By Barbara Falconer Newhall.
When the kids were still in the house and I still had a newspaper job to report to, I finally got smart: I started buying birthday and anniversary cards in bunches whenever I spotted some good ones.
I kept them in my desk and pulled out the collection as needed.
This saved my busy self many a frantic, last-minute drive down to the stationery store, where I inevitably spent a frustrating half-hour looking for just the right card to pop in the mail to a sister-in-law or nephew.
Since then I’ve stayed in the habit of keeping a handy little stash of cards in my desk, a dozen or so birthday and anniversary cards ranging from funny to sentimental – but not too sentimental.
But that’s not what I needed on a recent afternoon.
I needed sympathy cards. Two of them. A cousin had just lost her husband, and an old friend had just lost a sister.
Nothing in my stash would do. Nor would an email note or a Facebook post suffice.
I drove down to the stationer, a special trip this time, and hunted around for the sympathy aisle. Not a fun place to be, I learned.
There was a whole section for “Loss of a mother.” Also one each for “Loss of a sister,” “Loss of a spouse,” “Loss of a son,” “Loss of grandchild” and so on.
I got teary. So many losses, waiting to happen.
I pulled out card after card to send to my cousin. None of them was funny, of course. There were lots of stained glass windows and autumnal leaves. Lots of dignified, understated typefaces and phrases like:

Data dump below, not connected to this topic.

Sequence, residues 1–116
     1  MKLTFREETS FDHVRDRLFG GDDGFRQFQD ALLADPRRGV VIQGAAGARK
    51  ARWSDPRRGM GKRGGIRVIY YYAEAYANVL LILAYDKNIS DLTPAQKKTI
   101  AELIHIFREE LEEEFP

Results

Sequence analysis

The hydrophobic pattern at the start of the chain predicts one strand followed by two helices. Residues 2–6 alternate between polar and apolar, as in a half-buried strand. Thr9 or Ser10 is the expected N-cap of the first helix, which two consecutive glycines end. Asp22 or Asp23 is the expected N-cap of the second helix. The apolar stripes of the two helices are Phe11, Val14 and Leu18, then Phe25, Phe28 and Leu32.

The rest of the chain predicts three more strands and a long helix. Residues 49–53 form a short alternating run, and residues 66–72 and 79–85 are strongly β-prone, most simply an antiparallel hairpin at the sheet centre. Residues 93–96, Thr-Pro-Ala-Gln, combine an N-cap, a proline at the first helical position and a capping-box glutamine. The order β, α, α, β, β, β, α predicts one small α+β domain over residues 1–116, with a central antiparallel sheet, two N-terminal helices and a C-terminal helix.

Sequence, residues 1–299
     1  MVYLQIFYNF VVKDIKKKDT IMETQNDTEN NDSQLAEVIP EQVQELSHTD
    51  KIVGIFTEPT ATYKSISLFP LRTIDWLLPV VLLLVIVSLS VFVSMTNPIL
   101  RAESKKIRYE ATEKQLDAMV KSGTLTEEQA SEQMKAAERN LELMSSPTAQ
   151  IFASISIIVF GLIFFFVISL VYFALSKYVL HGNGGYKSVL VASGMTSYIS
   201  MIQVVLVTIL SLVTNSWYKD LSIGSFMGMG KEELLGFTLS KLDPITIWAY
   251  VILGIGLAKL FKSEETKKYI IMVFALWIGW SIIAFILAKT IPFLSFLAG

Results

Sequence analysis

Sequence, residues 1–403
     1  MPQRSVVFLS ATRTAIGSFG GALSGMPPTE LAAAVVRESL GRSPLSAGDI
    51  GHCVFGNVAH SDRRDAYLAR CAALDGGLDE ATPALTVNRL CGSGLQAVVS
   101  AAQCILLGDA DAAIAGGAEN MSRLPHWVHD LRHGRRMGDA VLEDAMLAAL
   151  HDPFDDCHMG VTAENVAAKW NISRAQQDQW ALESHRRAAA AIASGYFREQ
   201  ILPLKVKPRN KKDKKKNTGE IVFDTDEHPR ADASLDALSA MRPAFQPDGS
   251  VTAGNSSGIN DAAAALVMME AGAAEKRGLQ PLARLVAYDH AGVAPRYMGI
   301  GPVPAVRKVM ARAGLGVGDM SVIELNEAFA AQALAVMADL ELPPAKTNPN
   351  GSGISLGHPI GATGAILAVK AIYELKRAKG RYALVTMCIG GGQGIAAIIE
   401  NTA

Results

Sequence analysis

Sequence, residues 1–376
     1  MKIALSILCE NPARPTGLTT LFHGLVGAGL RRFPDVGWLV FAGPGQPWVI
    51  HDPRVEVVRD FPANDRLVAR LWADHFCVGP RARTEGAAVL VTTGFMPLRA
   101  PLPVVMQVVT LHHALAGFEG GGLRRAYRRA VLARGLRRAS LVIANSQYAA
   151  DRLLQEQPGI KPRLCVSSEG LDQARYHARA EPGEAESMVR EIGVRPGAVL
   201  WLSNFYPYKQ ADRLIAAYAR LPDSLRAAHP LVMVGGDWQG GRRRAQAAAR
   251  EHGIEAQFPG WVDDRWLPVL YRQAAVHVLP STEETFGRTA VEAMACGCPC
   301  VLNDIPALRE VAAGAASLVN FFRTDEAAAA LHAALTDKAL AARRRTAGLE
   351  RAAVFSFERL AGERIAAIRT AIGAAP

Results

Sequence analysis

“Wishing you moments of peace.”
“Nothing can take away the happiness you shared.”
And, “Love lives forever in the heart.”
I couldn’t say any of those things to my cousin or to my friend. Too on the nose, as they say in Hollywood.
It looks like I’m at that time in life when more and more of my friends and relatives are going to be losing more and more of their friends and relatives.
I won’t be able to just pop a store-bought card in the mail and be done with it. I’ll have to think of something to say.
I wandered over to the “blank inside” section. There I found some locally printed cards embossed with sun-drenched, very-much-alive poppies and butterflies. Sentimental, but not too sentimental.
I stocked up. Then I went home and wracked my brains for something to say.
If this piece resonated with you, you might like to read “My Mother’s Last Words to Me Before She Died.” You’ll find a more light-hearted story about a first-rate old guy at “Comedian Robert Morse — Sweaty at 36, Sublime at 83.”